Move over Tesla, because NASA is looking to steal your thunder with a new electric plane.
Unlike Tesla, NASA doesn’t have any plans to commercialize their vehicles, but they do plan to disseminate the knowledge gained by creating a conventional fixed-wing aircraft that’s powered solely by batteries.
It’s called the X-57 Mod II, and it’s currently at NASA's Armstrong Flight Research Center in California preparing for testing. NASA will first start with ground taxi tests and then move on to limited flight tests. The X-57 is the first manned X-plane from NASA in over two decades, so there’s a lot of pressure to make sure these tests go smoothly.
The X-57 is based on the Italian-made Tecnam P2006T aircraft which normally has twin 4-cylinder gas piston engines rated at about 100 horsepower each. However, the goal of the X-57 is to create a fully-electric aircraft, so those engines have been replaced by "electric cruise motors" which will drive propellers in much the same way as the stock plane.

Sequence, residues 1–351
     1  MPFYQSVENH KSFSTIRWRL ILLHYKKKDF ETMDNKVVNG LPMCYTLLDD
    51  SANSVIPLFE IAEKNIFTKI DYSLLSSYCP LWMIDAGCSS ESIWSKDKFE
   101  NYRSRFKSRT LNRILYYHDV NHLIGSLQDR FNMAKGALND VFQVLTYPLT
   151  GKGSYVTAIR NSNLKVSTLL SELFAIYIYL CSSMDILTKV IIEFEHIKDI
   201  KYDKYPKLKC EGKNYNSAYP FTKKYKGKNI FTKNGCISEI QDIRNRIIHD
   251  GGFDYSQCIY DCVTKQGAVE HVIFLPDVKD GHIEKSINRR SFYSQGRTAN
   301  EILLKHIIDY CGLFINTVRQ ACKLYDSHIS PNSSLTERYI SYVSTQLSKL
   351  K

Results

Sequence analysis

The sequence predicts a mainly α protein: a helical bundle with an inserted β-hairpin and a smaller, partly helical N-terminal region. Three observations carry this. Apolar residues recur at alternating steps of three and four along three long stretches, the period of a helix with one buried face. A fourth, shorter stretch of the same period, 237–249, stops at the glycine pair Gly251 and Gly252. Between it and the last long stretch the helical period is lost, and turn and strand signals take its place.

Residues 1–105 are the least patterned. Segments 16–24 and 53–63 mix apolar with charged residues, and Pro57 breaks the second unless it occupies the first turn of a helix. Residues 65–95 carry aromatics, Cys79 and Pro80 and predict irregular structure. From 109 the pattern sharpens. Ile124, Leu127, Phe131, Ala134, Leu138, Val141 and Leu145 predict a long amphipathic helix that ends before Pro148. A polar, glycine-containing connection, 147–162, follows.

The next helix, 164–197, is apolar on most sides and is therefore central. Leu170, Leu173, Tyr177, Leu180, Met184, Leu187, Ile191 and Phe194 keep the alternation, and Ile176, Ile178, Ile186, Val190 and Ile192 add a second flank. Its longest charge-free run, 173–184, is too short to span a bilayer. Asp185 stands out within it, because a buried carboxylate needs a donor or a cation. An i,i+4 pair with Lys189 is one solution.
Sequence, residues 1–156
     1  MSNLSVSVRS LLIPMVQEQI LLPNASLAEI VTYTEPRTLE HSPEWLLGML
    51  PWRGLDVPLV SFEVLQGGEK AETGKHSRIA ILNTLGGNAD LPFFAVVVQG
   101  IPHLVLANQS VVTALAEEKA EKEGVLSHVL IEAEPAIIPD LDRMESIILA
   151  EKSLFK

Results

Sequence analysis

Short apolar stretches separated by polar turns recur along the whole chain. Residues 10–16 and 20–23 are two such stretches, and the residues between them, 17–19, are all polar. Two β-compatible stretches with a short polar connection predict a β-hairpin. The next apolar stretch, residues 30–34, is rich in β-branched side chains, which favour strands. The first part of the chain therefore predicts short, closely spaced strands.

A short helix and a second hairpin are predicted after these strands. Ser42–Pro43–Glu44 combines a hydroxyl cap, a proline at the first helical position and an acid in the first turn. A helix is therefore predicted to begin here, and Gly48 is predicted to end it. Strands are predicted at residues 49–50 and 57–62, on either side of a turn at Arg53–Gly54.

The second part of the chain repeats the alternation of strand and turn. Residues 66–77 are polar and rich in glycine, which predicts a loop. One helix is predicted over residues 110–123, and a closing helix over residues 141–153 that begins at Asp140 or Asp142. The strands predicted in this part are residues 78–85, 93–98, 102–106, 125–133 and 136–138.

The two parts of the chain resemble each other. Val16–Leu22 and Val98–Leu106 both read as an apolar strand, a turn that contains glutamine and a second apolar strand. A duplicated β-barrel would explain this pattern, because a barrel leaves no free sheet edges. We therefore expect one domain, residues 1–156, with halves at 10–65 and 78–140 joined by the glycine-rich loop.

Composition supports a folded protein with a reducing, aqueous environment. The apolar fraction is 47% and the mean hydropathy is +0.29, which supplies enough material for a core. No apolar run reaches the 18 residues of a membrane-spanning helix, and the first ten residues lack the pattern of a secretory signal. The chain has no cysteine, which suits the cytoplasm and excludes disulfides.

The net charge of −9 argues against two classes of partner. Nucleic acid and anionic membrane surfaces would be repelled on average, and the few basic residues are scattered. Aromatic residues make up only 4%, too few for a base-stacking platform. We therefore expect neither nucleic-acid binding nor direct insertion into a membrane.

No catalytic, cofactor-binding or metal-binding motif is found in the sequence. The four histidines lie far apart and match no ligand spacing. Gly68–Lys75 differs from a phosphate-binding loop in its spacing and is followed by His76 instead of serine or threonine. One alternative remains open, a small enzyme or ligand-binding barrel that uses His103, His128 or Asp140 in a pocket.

Besides creating an electric aircraft, NASA has several other goals for the X-57. First, the agency wants to develop a set of certification standards for new electric aircraft, "including urban air mobility vehicles, which also rely on complex distributed electric propulsion systems." Second, as a more technical challenge, NASA wants the X-57 to improve its energy efficiency by 500% over the gas-powered plane with zero in-flight carbon emissions and while being quieter than conventional aircraft.
Mod II of the X-57 will test the electric motors while Mod III and IV will have new high-aspect wings that provide greater lift with reduced drag. The final version of the planned aircraft will include these wings as well as 14 electric motors. Flight time is expected to be 1 hour with a maximum range of 100 miles.
Which doesn’t sound all that great compared to a Tesla Model S with a range of 370 miles. Also, if the Tesla’s battery dies it just stops. If a plane’s battery dies, it falls out of the sky. This will undoubtedly lead to a new definition of “range anxiety.”